The Austrian born Rudy Van Leyden was perhaps the first ever art critic in Bombay who was able to influence opinion in favour of modern art with his regular writings especially through 1940s. He had enthusiastically reviewed the first exhibition of Jamini Roy in Mumbai in 1942, hailing him as a modern master. He reviewed the exhibition of the Calcutta Group in 1945. He reviewed the exhibition of the first modern Sri Lankan painter George Keyt, held in 1947. Before the PAG’s 1949 exhibition, Leyden had reviewed solo exhibitions held by Ara, Raza and Souza as well. That is how while reviewing the historic Group show, Leyden observed that those who had followed the works of the PAG artists over the past years would know of the struggle, the experiments, the trials, that lie behind the considerable achievement which this exhibition represented. These artists had demonstrated that they were not satisfied with readymade conventions of either the academic western or the academic traditional. However, neither had they simply exchanged the conventions of the old schools in favour of obscure codes of modern paintings. Leyden had realized the future potential of these artists when he observed that those who want painting to be the expression of the deeper emotions and striving of a generations, will be satisfied with progressive offerings of these artists. These were reasons enough to hail them as welcome ‘rebels’. Among the supporters of modernity at that point of time in Bombay were the other two émigré Germans, the artist-advertiser W. Langhammer and the Company Director, Schlesinger, besides the distinguished novelist and art critic Mulk Raj Anand.
With the passing of decades and decades we are now realizing that modernity in India was carried over after Independence by the maturing artists of the 1950s,who consolidated it. The critical discussion was carried forward and kept alive by critics in the 1950s,who wrote about pre-independence pioneers of modern Indian art. Later in 1960s, they analyzed the new experiments and languages created by artists who had worked through the late 1940s, 1950s and early 1960s. Supportive critical writing alongside the ongoing developments in Contemporary Indian art, is an important component of the times, which offers insightful reconstruction of the process of the Indian modernity. During the last two decades with many Art galleries actively involved with promotion of Contemporary Indian art through small and large group shows, solo shows and retrospective shows of the senior artists, has brought us to the realization of the tremendous significance of the artists who emerged during 1940s and 1950s. Many of them have been responsible for bringing the creative developments in India parallel to International modern art. Among other aspects they revolutionized the pictorial language in India by their innovative experiments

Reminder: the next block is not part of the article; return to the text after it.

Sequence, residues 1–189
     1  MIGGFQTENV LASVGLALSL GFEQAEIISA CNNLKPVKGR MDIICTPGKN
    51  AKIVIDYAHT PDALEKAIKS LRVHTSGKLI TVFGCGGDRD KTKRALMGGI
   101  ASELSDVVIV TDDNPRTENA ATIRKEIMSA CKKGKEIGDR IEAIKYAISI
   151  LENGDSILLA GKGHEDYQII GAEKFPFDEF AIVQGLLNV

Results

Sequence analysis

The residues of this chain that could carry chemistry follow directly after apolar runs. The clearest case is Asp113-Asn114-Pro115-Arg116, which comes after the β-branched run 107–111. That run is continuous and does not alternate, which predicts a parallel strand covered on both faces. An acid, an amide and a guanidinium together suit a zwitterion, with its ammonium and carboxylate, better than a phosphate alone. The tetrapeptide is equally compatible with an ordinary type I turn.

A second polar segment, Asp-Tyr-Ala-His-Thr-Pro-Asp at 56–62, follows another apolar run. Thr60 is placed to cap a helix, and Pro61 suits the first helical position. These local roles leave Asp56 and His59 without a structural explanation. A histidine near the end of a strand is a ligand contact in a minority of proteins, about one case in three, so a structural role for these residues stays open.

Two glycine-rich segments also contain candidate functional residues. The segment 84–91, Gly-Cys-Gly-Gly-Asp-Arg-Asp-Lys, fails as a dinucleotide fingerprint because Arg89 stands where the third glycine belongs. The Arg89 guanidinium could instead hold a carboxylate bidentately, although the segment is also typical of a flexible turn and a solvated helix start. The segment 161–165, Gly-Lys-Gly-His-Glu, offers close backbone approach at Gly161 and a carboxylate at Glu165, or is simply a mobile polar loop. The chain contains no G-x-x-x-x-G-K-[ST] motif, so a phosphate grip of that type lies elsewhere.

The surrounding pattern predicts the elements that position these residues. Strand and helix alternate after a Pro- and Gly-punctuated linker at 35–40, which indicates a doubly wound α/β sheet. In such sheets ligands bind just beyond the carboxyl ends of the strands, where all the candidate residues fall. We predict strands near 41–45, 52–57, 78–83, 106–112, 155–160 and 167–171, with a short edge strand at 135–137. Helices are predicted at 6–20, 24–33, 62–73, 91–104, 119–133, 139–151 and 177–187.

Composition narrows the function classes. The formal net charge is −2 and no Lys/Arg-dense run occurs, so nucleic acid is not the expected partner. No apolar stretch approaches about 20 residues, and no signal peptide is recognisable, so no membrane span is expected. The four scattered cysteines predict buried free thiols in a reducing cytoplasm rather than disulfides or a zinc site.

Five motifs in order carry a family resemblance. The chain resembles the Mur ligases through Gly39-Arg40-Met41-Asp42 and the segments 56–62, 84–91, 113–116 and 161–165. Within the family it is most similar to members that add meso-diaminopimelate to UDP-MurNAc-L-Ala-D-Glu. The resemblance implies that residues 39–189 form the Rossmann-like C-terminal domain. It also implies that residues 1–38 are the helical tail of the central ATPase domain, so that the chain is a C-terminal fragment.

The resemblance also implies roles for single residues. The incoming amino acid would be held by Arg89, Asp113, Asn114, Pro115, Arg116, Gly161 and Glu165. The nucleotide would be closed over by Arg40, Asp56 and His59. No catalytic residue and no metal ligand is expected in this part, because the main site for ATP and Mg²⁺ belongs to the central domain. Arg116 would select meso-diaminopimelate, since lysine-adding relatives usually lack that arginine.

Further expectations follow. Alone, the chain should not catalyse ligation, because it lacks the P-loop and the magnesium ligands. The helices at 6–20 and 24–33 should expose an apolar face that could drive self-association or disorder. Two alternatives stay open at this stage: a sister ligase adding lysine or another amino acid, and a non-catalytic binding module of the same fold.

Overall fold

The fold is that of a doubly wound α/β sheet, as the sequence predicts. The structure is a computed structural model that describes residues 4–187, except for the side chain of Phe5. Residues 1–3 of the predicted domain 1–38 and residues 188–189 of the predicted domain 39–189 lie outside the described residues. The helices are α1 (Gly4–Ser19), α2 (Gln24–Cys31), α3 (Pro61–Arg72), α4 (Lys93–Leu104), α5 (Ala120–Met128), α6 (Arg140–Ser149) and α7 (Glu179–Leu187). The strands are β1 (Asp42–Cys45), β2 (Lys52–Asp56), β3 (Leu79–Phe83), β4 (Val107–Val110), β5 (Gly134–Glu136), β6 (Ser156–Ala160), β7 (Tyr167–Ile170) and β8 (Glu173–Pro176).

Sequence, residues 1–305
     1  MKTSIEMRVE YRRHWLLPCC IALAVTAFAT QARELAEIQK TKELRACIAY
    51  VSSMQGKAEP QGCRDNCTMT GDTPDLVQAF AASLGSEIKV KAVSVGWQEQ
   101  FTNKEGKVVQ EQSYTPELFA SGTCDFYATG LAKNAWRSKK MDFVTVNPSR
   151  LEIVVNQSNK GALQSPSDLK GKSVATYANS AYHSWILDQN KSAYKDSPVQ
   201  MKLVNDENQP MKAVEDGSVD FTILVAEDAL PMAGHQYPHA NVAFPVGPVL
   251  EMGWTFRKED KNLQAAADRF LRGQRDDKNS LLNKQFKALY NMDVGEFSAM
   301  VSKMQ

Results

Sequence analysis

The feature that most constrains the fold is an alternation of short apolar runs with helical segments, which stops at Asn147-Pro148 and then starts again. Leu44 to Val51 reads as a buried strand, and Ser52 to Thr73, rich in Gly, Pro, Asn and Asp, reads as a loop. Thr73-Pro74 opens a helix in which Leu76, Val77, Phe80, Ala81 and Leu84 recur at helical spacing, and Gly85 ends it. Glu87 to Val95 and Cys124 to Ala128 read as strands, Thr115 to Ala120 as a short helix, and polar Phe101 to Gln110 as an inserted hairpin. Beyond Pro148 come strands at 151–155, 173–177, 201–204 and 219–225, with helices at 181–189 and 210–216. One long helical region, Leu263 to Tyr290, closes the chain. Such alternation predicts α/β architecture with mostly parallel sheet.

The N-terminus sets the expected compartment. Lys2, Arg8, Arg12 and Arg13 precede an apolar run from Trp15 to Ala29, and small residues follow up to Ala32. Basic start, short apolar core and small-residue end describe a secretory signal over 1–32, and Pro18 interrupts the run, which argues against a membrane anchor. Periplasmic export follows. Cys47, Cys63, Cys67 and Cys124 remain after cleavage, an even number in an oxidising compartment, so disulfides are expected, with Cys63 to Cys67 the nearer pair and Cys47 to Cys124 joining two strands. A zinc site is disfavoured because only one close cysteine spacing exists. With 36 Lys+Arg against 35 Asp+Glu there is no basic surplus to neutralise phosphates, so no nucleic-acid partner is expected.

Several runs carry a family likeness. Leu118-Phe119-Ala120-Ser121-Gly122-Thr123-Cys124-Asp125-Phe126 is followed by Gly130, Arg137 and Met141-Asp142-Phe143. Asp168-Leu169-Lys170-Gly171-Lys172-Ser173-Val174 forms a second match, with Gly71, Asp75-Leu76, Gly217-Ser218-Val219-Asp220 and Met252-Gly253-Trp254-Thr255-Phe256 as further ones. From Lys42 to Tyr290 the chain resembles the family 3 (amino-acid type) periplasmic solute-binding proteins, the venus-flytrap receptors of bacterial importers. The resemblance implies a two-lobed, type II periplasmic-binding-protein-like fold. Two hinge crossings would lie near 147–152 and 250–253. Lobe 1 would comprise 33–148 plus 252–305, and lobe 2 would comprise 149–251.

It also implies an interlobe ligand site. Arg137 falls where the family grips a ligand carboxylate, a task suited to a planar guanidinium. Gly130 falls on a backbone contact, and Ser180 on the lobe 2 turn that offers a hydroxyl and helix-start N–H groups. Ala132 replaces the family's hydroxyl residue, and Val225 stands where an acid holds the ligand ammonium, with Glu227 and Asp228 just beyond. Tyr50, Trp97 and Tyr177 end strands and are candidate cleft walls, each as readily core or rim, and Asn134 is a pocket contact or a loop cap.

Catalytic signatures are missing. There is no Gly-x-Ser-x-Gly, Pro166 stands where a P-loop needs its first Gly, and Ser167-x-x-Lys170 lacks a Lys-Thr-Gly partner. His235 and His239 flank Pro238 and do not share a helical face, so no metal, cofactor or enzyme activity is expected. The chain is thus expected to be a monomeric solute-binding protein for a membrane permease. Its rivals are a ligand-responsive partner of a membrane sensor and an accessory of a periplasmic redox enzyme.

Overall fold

in lines, colours, space, pictorial structures, imageries and how the society looks at the works of art. The distinctness in their creative works as both individualistic at one level and also representing Indian sensibility at another level is so very patent. Quite rightly, many of them are now being acknowledged as ‘Masters’.
The two issues of ARTETC NEWS & VIEWS, that of January and February 2012, will explore the entire phenomena of the dramatic ‘moment’ of modernity in western India in a series of essays, some of them will be devoted to defining the trajectories that each of these artists took in their creative work as they grew and reached maturity.